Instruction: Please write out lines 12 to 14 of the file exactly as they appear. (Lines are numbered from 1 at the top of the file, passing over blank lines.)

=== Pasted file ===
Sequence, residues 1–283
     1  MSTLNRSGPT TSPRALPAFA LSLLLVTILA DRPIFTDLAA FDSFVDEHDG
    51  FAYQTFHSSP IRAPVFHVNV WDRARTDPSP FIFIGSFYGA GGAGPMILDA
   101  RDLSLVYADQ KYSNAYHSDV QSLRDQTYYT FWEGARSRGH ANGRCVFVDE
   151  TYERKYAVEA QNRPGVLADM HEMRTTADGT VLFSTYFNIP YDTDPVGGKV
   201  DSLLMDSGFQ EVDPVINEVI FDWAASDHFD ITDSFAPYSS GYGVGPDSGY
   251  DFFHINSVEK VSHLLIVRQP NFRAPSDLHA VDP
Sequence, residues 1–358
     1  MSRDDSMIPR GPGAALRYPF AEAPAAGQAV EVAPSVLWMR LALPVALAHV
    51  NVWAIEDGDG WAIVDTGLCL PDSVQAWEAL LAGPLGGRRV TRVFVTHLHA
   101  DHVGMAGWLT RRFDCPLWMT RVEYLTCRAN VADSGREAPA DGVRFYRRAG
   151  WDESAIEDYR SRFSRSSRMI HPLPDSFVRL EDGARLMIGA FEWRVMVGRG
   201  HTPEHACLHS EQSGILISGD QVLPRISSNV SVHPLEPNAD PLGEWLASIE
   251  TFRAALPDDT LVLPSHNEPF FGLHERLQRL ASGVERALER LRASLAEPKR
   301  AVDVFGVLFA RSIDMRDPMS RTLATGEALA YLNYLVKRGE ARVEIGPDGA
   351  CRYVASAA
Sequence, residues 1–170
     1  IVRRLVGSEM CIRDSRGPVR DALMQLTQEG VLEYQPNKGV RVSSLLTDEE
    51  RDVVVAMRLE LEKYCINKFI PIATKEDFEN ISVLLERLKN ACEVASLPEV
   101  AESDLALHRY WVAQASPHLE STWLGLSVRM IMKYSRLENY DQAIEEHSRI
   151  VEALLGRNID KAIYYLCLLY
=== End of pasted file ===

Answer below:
   151  WDESAIEDYR SRFSRSSRMI HPLPDSFVRL EDGARLMIGA FEWRVMVGRG
   201  HTPEHACLHS EQSGILISGD QVLPRISSNV SVHPLEPNAD PLGEWLASIE
   251  TFRAALPDDT LVLPSHNEPF FGLHERLQRL ASGVERALER LRASLAEPKR